A district court may modify an incarcerated defendant's term of imprisonment if the defendant was sentenced based on a sentencing range that subsequently has been lowered by the Sentencing Commission's amendment. See 18 U.S.C. § 3582(c)(2). When the district court considers a § 3582(c)(2) motion, it must engage in a two-part analysis. United States v. Bravo, 203 F.3d 778, 780 (11th Cir. 2000). First, the district court must recalculate the guidelines range under the amended guidelines. “In undertaking this first step, only the amended guideline is changed. All other guideline application decisions made during the original sentencing remain intact.” Id. (internal quotation marks omitted). If the amended guidelines range is lower than the original range, then the district court has authority to reduce a defendant's sentence and may proceed to the second step in its analysis. See id.; U.S.S.G. § 1B1.10 cmt. n.1(A). In that step, the district court must decide “whether, in its discretion, it will elect to impose the newly calculated sentence under the amended guidelines or retain the original sentence,” taking into account the factors listed in 18 U.S.C. § 3553(a). Bravo, 203 F.3d at 781.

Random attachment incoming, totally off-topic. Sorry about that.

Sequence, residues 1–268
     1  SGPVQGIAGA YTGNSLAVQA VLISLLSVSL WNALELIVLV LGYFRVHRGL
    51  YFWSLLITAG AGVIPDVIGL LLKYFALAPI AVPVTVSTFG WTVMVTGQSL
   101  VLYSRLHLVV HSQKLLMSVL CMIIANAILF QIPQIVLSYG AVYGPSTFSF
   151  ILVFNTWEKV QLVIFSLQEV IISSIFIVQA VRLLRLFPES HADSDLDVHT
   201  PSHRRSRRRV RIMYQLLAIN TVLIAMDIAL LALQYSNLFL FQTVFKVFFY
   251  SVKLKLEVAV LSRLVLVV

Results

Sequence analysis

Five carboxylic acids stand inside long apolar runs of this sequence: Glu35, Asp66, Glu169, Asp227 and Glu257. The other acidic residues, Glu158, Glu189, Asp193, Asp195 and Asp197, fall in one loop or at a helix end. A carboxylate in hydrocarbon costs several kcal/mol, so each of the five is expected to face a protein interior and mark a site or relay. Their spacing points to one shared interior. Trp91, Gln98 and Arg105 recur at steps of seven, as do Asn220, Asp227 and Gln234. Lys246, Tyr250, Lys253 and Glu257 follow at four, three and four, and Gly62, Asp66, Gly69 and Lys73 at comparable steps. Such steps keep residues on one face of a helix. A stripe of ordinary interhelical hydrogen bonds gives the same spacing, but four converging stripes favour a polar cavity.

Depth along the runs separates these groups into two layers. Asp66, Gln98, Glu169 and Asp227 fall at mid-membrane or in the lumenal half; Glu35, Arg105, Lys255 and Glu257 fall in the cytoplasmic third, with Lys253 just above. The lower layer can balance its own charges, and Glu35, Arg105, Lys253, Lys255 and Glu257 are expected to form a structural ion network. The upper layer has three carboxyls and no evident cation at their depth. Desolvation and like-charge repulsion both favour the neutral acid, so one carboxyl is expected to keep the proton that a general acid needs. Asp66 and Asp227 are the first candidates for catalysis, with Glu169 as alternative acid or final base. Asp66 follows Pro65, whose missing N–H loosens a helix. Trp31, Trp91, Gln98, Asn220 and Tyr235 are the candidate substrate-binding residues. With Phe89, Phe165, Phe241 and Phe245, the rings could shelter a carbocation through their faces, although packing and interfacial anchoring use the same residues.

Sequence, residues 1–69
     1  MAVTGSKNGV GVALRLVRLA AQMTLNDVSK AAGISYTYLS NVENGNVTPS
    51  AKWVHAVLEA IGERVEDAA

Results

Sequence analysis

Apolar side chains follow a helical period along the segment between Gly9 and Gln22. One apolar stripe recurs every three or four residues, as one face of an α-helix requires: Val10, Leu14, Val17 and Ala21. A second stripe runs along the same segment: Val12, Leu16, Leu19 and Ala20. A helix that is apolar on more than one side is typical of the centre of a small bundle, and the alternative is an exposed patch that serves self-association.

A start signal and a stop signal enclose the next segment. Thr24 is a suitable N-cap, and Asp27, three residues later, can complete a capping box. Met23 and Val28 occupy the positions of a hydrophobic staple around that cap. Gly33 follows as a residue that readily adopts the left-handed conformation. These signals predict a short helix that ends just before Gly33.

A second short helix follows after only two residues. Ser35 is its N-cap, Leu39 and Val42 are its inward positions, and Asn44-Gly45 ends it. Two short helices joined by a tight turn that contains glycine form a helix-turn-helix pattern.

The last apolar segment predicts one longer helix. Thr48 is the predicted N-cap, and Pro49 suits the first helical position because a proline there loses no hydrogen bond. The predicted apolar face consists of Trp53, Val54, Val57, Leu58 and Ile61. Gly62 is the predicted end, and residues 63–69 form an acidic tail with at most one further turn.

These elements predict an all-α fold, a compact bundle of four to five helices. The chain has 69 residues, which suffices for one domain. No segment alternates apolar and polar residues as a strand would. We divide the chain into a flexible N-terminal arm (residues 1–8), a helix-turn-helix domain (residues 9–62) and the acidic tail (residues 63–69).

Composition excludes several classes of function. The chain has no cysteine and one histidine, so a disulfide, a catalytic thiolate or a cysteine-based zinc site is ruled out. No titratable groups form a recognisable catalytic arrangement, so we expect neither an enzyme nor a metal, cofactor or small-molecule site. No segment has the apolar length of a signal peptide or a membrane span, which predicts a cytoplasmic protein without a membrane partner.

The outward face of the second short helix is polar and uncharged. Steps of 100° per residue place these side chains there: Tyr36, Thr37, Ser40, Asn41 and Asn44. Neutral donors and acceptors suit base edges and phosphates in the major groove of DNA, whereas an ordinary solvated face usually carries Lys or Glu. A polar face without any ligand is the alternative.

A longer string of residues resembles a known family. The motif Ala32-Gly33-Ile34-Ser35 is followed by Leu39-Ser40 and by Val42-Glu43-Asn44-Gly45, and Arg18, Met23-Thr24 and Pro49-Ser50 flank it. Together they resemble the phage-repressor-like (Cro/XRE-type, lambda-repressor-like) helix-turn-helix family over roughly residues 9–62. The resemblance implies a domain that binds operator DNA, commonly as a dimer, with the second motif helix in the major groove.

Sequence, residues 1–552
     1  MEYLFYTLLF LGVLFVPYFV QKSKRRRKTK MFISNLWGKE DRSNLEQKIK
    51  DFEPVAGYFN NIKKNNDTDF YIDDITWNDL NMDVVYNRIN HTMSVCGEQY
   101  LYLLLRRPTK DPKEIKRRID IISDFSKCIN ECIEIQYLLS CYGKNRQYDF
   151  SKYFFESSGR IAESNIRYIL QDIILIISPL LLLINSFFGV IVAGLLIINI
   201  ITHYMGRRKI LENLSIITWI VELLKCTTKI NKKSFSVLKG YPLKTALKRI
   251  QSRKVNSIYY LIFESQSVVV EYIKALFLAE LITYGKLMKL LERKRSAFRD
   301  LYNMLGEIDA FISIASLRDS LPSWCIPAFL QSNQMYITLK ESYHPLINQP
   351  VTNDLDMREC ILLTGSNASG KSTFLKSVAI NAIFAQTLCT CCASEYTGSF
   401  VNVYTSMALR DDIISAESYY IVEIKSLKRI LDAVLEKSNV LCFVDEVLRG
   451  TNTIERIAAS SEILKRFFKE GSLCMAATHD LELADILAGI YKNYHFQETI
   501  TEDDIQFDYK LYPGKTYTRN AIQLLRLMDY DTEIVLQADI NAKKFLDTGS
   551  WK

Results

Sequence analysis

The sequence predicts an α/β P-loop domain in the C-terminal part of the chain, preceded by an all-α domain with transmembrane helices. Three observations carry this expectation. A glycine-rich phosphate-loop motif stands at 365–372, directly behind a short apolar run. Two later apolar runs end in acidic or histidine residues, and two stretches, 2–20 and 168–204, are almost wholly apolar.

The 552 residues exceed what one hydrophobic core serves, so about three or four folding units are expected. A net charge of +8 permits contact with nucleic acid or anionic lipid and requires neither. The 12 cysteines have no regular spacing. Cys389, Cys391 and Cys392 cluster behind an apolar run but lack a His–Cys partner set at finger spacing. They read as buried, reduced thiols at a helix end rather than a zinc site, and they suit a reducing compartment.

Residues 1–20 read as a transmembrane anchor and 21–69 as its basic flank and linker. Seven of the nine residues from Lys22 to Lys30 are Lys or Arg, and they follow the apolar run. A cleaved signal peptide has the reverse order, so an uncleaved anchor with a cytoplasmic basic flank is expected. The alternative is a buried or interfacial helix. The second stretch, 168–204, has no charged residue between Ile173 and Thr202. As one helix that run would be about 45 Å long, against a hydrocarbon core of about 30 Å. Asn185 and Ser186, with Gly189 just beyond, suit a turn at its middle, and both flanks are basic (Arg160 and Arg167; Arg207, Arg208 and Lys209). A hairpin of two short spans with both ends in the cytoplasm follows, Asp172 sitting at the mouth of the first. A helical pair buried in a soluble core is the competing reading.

We review de novo the district court's conclusions regarding the scope of its legal authority to reduce a sentence under § 3582(c)(2) and for clear error its underlying factual findings. United States v. Tellis, 748 F.3d 1305, 1308 (11th Cir. 2014). Because Rawls is pro se, we construe his pleadings liberally. United States v. Webb, 565 F.3d 789, 792 (11th Cir. 2009).

Here, the district court determined that it lacked authority to reduce Rawls's sentence because his guideline range, which was based on his career offender designation, remained unchanged under Amendment 782, which affected only the offense levels calculated under U.S.S.G. § 2D1.1. Rawls asserts that this conclusion was error, arguing that he was not actually sentenced as a career offender in his original sentencing proceeding. Contrary to Rawls's assertion, however, the record makes clear that he was sentenced as a career offender. His PSI, to which he did not object, deemed him a career offender and calculated his guidelines range based on that status. The district court adopted the PSI at the sentencing hearing and noted that adoption in the Statement of Reasons it prepared following sentencing.